But what really makes X-Men Gold #7 work is the characters and the attention paid to them.
Rachel continues to be the most interesting of these, with the continued focus on her spiking powers and the creeping spectre of the Phoenix in the background of her consciousness. But also, the early scenes between her and Nightcrawler really brought a smile to my face.
I, for one, wouldn’t be opposed to a blooming romance between Rachel and Kurt, as it would seem so well grounded in X-history going back decades. I also have great affection for both characters, and so seeing them come together is something I think could work really well.
It’s not just about Kurt and Rachel though; everyone gets some good moments here. Seeing Ororo and Logan off on a mission, and with all the banter between them, really did evoke the past for me and was a good nostalgia kick.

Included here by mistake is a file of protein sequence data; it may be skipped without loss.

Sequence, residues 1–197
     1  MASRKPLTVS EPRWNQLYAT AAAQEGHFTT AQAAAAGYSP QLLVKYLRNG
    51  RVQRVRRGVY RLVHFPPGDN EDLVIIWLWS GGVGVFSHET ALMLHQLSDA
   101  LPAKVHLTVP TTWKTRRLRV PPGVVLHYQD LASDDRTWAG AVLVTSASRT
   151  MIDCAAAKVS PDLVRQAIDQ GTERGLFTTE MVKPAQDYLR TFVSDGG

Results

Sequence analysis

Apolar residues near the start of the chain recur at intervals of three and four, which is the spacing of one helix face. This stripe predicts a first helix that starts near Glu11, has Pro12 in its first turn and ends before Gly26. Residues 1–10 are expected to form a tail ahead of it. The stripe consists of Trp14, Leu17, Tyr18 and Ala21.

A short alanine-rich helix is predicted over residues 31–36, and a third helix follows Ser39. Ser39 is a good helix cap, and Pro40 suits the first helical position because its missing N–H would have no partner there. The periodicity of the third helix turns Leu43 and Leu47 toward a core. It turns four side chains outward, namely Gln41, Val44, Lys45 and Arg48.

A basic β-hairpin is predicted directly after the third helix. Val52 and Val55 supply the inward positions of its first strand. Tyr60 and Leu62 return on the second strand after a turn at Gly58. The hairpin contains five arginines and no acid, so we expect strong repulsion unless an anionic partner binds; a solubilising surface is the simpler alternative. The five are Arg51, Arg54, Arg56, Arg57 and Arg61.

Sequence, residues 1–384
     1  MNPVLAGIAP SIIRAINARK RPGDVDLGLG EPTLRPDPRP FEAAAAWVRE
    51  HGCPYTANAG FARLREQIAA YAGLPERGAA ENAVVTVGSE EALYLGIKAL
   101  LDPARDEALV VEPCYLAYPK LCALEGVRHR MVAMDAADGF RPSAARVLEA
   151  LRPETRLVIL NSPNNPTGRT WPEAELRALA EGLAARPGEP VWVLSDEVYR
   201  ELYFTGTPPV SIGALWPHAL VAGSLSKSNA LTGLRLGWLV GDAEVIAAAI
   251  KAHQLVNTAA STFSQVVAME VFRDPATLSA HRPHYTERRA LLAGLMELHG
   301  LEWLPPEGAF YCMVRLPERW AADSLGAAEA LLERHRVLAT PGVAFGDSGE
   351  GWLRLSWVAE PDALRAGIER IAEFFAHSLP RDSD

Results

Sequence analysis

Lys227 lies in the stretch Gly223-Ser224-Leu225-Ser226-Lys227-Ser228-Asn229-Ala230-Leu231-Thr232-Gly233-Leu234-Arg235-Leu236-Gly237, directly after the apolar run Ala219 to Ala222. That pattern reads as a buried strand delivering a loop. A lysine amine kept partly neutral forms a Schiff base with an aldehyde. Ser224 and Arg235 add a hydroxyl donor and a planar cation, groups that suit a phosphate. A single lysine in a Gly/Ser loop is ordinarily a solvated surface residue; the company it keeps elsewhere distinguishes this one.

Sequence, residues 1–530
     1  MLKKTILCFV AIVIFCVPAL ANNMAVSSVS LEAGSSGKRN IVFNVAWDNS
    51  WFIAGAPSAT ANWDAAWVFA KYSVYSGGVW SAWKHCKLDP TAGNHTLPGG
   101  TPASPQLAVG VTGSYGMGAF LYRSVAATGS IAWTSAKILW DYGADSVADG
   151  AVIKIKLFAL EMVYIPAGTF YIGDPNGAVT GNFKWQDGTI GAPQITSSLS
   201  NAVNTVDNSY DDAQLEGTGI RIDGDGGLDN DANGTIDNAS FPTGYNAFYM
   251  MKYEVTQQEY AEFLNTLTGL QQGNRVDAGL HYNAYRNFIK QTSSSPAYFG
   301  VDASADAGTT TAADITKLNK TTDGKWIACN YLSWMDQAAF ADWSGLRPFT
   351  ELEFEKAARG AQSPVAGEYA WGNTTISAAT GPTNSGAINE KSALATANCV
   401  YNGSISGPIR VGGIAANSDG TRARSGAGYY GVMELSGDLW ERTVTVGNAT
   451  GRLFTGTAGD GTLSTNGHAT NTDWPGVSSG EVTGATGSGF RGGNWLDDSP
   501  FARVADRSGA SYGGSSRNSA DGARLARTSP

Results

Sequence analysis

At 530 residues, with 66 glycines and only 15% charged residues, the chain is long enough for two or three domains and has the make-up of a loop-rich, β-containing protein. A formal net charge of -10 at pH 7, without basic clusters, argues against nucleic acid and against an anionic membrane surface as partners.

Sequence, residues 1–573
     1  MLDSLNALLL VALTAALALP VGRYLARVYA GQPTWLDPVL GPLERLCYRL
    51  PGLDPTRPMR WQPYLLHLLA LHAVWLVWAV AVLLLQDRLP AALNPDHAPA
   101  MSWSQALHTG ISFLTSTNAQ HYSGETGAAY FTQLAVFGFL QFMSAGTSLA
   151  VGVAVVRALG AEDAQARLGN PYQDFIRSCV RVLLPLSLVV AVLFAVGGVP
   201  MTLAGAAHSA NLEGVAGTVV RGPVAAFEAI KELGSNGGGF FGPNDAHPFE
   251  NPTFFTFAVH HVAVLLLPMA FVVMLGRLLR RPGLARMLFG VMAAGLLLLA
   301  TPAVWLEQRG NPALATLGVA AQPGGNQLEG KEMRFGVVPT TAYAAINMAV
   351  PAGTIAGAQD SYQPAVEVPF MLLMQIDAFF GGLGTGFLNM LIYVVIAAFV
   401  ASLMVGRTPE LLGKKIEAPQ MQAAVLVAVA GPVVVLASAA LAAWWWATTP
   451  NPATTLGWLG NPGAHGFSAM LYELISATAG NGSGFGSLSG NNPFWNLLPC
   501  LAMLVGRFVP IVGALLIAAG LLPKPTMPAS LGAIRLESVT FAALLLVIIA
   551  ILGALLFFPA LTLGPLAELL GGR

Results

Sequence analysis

This is also the first issue that sees this book crossing into the Secret Empire thread. It does so only minorly here, but we do get an ominous appearance from Doctor Strange informing them of New York being enclosed by the Dark Force.
All in all, this is good stuff again. X-Men Gold #6 and #7 have raised my confidence levels in this title and in the possibilities going forward.
X-Men Gold #8 carries on the action from #7 and continues to hold form. It’s good to see Kitty doing some solo arse-kicking here, one on one with the vengeful killer who’s invaded the mansion. There’s less to get our teeth into here than in the previous issue, but still a few sweeteners scattered about.
Colossus gets at least one great line (“I’m not crazy – I’m Russian”), it’s good to see Sooriyah show up (I’d forgotten she even existed), and Nightcrawler being taken for a ‘demon’ and lynched by an angry mob kind of goes back to the very origins of Nightcrawler’s mythology.
X-Men Gold #9 does good fan service and is another enjoyable chapter, building on threads set up in previous issues. If you had to define this issue under one banner, it would ‘romance’. Which could sound like an issue you’d opt to skip over – but actually this is genuinely pleasant material.